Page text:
An animal trainer
“Don’t eat that!”
By Pree K. Kastelic
“Frances? Are you Frances Miller?”
Even though he sat next to the swamp cooler, the sound of Journey’s “Don’t Stop Believin’” was not masked beneath the whirring, displaced air of the fan. Frank detested Journey, and his aching headache throbbed against his jaw as he gritted his teeth. Willing his hands to stop shaking, he raised the third cup of black coffee to his lips. If he were to sit in the tiled lobby of “Holly Rollers” doughnut shop long enough, he would hear this 1981 chart-topper three times or more, and each time his entire body thrummed with intense annoyance. Instead of looking immediately at the stranger, who had pounded through the door only moments before, he continued staring down at the pages of his Tom Clancy book, raising it to keep it in eyesight as he lifted his mug for a noisy sip. With a defeated, heavy sigh, he set the open book on plastic pink laminate tabletop, avoiding the circle of moisture left from his mug.
He already knew what this was about. Frank had thought he was through with this particular chapter, after the visitors into town had dwindled to nothing almost three years before. Never supposing he would have to deal with this conversation again, he had begun going ritualistically back into town to run errands on Sundays.
There’s no protection in having habits, Frank decided.
“I suppose you’re here about that night?” he said, gesturing toward the door where the man had come. “No need to look surprised. I had a lot of visitors that first year, when people around town were still gossiping about it. Just sit down, boy, and let’s get this over with.”
The boy visibly hesitated, watching him beneath a head of slightly unkempt blonde hair. After a moment, he pulled out the chair with a gentle screech across checkered tile and sat, pulling his backpack over one shoulder to cradle on his lap, his jaw set and his gaze uncertain.
“My name is Matt Hanson,” said a mouth surrounded by gruff stubble. Though the man looked young and boyish to Frank, he placed his age somewhere in the mid-20’s. Hardly a boy at all. A bright-eyed, sturdy-jawed man sat in front of him, watching him, less nervous as he settled into his seat.
“Well, it seems you know who I am– and I know better than to tell you to shove off,” Frank said, putting his down coffee cup as he paused. “Nope, that never worked. Just… Tell me, first. Why all the interest? Why come all the way to Holly Springs, Mississippi to talk to a man about crop circles? Don’t you have something better to do?” Frank’s voice conveyed just how old this topic had become, and he had by then received a wide array of answers to this question, most of which bored him within the first few sentences. Stories of alien abductions and searches for the truth against a governmental conspiracy were frequent and, by this point, expected. This man, however, was pulling out a notebook and didn’t seem to hear him for a time, his hand scrambling around the bottom of his bag.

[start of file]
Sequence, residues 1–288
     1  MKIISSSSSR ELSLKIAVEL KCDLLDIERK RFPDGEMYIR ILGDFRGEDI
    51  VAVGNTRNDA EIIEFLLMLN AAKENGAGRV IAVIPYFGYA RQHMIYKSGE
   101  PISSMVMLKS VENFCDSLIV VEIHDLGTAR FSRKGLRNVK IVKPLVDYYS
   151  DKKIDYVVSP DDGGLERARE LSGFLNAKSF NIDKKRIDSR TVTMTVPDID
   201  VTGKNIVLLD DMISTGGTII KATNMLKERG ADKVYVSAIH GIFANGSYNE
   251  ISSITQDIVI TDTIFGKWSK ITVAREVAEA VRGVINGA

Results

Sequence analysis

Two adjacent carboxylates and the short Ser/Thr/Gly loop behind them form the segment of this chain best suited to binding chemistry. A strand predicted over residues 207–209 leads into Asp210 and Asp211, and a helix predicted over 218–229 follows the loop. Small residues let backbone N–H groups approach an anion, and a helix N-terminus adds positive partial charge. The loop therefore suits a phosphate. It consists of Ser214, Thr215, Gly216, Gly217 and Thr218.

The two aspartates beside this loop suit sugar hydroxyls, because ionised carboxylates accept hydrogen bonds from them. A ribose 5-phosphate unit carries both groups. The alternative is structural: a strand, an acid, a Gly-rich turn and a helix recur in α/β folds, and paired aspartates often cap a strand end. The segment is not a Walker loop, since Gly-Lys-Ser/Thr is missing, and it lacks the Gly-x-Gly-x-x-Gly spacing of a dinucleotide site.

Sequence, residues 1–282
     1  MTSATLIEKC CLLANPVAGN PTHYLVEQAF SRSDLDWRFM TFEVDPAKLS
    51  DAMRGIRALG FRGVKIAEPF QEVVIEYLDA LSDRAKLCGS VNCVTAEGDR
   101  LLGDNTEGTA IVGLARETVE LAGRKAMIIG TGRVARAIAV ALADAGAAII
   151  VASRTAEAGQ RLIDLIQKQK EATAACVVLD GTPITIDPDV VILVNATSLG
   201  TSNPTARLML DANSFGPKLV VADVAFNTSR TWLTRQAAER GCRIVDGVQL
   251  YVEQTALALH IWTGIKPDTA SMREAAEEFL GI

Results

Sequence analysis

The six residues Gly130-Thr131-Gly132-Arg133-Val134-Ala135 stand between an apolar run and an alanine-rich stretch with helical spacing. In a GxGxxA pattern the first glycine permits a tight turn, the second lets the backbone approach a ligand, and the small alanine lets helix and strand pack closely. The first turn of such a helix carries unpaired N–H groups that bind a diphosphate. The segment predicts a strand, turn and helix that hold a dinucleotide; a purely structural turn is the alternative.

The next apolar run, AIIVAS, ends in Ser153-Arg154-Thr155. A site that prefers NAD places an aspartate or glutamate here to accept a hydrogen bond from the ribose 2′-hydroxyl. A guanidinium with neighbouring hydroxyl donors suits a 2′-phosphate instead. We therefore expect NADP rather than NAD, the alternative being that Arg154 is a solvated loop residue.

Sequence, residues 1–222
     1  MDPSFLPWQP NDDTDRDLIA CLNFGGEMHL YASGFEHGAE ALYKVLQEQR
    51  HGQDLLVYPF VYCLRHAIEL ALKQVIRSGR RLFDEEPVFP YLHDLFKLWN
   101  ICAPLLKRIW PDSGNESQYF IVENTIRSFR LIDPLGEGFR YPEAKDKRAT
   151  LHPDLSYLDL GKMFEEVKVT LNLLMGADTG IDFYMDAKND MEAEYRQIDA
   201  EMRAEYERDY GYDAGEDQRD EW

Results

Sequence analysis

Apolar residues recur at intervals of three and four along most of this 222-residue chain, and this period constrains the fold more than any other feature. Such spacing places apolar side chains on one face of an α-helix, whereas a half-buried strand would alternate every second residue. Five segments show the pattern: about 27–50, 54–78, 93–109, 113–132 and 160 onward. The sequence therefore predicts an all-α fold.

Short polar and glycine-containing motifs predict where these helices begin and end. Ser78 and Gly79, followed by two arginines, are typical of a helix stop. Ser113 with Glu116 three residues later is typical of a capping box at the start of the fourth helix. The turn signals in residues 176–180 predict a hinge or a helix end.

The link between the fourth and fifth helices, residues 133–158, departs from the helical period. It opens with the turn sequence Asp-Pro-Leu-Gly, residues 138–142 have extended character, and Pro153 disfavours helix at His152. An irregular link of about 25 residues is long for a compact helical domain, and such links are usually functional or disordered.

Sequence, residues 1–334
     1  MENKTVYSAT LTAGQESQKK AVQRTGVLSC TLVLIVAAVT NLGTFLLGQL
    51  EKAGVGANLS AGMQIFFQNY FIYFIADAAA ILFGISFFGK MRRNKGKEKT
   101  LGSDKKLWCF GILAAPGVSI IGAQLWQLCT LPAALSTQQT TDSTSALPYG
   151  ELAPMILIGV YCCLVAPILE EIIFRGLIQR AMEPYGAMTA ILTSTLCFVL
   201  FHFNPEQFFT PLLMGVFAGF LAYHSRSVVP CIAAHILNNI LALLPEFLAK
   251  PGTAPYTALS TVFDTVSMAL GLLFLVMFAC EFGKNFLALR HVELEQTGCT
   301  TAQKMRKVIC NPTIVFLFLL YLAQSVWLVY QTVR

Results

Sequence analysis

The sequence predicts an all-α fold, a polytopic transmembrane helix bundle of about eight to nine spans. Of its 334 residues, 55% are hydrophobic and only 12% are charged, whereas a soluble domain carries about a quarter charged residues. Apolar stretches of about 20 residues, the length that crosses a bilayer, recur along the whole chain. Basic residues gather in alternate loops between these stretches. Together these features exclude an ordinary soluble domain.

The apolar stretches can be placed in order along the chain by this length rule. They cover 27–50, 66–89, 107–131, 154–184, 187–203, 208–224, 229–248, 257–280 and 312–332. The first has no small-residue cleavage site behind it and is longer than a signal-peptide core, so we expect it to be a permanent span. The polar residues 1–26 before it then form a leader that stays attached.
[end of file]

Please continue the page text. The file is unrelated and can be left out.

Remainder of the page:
When he finally spoke, his voice was nervous no longer. He had the clipped voice of a professional, staring the older man straight in the eyes until Frank’s gaze trembled and darted away. “I’m a Master’s student at the University of Texas. My professor and I are currently studying the mental phenomenon of alien hallucinations and other paranormal stories,” he disclosed.
“Well, Hansen, I don’t know anything about aliens. I never saw any aliens. I’ve been telling people for years– it was a bolt of lightning. I put out the fire with a central pivot irrigation system.”
This seemed to snap the man out of polite courtesy. “I don’t eat that!” he reproached, defiant. “Not even for a second.”
In his hundreds of interviews, Frank had never received this reaction. It made him stop mid-sentence, suddenly, his mouth suspended in time. As he closed it, Matt Hanson continued to speak, unhindered by the near interruption.
“I’m telling you, Mr. Miller, it’s a phony story. You’ve rehearsed that exact explanation, hundreds of times, but you’ve never explained just how you managed to find the fire at two o’clock in the morning, walk a mile from your house, move the central pivot to the correct positioning, and put out the fire before it spread more than eight meters across. I’m not here to be dismissed so easily.” Clearly, he had been anticipating this explanation, and he was gaining confident fervor every moment while the greasy, slightly dirty man in front of him watched in disbelief. “Tell me. Please. What really happened that night?”
For a moment that dragged through the doughnut shop, Frank’s thoughts were like a chugging locomotive. The blonde man’s gaze held him steadily, he could feel them taking him in– sizing him up. Frank wondered how he had been described by whomever had pointed him here. “Long hair. Thick facial stubble. Clothing, dirty. Fingernails, dirty. Jeans, torn. A ruddy drunk escaping into mystery novels and shoving doughnuts into his face– may explain why he’s been thickening around the middle, too. Can’t miss him.”